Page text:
XML-RPC authentication options for the validation dashboard

Zygmunt Krynicki zygmunt.krynicki at linaro.org
Tue Sep 7 16:52:12 BST 2010

Hash: SHA1

On 07/09/10 17:23, Paul Larson wrote:

>> Other options are (off the top of my head):
>> - - Basic/Digest HTTP authentication. Digest is pretty good (or so
> I think this would fit our needs just fine.

I agree, and for the moment I'd like to pursue this route. It's the
fastest to develop/deploy and solves an important problem - having
access to secure APIs in a not-unreasonable manner (security-wise)

> - - No authentication at all. All XML-RPC interfaces are public and anyone
>> may call them. Surprisingly this is not such a bad option. Since all
>> request would be anonymous all the users would be allowed to do is
>> upload data to public "directories". All other interaction would have to
>> be performed via the website or the administration panel.
> I can certainly see the logic here, and discounting the possibility of a
> nefarious spammer flooding our server with junk, I think it's worth
> consideration.  My concerns revolve around what it might complicate on the
> back end.  If we want to go this route, I think the impact needs to be
> better defined.

It's actually already done, there is no impact on the server. Simply,
all methods behave as if the user is not known. To add support for user
identification (authentication) you would have to tweak with the
xml_rpc_handler view and pass this down to each method as some kind of
argument. The latter is surprisingly more complicated. I still did not
figure out a pretty way of passing this non-parameter to the function.
There are ways of doing it but they don't seem clean.

>  - With lots of possible submissions, without any kind of identification
> attached to them, how do I find my submission in the haystack?

Well each submission gets an ID (so you know it when you submit) but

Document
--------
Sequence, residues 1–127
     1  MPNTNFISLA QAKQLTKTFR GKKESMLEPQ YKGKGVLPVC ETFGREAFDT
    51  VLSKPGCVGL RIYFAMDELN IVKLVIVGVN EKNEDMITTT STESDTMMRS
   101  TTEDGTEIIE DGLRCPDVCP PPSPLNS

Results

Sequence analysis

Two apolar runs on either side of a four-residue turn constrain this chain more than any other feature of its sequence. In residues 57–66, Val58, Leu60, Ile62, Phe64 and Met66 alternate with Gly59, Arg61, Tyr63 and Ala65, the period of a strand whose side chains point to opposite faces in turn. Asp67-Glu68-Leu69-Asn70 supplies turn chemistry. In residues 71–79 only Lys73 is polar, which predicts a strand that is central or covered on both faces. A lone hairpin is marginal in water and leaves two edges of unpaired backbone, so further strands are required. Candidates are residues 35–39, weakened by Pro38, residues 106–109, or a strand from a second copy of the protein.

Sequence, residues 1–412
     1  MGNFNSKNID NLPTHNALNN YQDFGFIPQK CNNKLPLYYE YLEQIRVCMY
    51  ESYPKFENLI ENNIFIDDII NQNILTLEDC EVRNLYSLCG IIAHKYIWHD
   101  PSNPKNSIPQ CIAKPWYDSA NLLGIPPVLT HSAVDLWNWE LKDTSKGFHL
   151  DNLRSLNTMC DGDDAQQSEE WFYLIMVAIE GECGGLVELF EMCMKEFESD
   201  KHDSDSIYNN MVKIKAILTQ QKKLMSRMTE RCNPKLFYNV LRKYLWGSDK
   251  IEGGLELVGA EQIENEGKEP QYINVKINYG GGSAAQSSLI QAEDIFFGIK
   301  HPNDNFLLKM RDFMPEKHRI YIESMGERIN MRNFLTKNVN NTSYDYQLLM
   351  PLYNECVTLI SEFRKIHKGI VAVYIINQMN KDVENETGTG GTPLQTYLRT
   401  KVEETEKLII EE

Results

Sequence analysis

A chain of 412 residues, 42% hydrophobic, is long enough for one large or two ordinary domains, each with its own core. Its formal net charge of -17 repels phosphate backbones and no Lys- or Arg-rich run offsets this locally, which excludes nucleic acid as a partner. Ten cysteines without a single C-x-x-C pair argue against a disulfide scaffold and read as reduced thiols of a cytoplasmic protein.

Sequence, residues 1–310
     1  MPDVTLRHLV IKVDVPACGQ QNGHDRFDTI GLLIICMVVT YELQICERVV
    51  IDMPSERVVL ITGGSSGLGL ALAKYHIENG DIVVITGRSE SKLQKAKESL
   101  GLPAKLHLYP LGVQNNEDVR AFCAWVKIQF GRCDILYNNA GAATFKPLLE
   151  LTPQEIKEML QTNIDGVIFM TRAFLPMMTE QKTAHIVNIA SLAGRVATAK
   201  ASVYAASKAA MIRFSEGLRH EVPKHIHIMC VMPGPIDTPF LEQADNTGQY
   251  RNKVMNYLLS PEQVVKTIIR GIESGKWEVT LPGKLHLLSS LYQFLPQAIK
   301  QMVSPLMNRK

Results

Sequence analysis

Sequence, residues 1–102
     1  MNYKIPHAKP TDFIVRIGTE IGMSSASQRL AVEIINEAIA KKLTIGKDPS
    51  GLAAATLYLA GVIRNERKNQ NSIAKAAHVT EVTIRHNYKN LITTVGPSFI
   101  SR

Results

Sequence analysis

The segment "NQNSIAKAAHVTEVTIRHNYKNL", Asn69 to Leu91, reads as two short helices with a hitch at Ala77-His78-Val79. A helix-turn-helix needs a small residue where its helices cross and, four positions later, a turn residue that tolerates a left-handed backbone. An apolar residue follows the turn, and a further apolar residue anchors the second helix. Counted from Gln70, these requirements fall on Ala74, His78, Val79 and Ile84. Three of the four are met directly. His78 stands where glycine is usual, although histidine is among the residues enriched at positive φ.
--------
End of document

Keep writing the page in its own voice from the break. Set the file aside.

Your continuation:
it's a difficult thing to solve in a *big* stream of bundles.

>  - You mentioned uploading to "directories", which could fix the above
> partially, but what prevents someone from uploading to my directory, even by
> accident (for instance, if they have a similar name and just happen to
> choose the same "path" as me)

I have a simple mechanism for this. You can create bundle streams which
are named containers for bundles. A bundle must be in exactly one
container. There are three kinds of containers:
 - public, they have a pathname like: /anonymous/ or /anonymous/NAME/
(where NAME is any single word that does not contain '/'). They are open
for reading/writing by anyone (note that there is no API for removing
bundles yet so there is no problem about who can remove something from
this stream)
 - private, they have a pathname like /personal/USERNAME/ or
/personal/USERNAME/NAME/ (NAME behaves as above). Only the owner may
access the contents.
- - team, like private but they belong to a group, the pathname is

>  - Are results publicly automatically?

Read access is determined by the bundle stream and accessing user identity.

  If not, who has the authority to
> approve them?

You'd have to define "approve". I suspect you are interested in being
able to mark some as "valid" and being included in reports. I suspect
that you could do such a thing by having two streams like
/something/incoming/ and /something/checked/ and moving bundles between
them as you see fit. If more control is needed please tell me what use
case you'd like to accommodate.

  And if you restrict access to this, aren't we back to
> providing an authentication mechanism again, but just complicating the
> process by which results are posted?

I'm not sure what's the answer to this. I think that posting results is
easy and what is offered now is sufficient. If you find a use case that
cannot be solved with current technology we can design a solution for that.

> ...
> You can see my line of thinking here I hope.  I'm not saying it's a bad
> option, just that there are some implementation details that span farther
> than just the auth stage that need to be clearly defined first, if we want
> to go in this direction.

Mmm. Right, the whole how do we use this in practice thing. I think that
it's going to be usable and initially we will use digest authentication
and team streams where a group of trusted members can shuffle the data
so that it makes sense.

Version: GnuPG v1.4.10 (GNU/Linux)
Comment: Using GnuPG with Mozilla - http://enigmail.mozdev.org/


More information about the Linaro-dev mailing list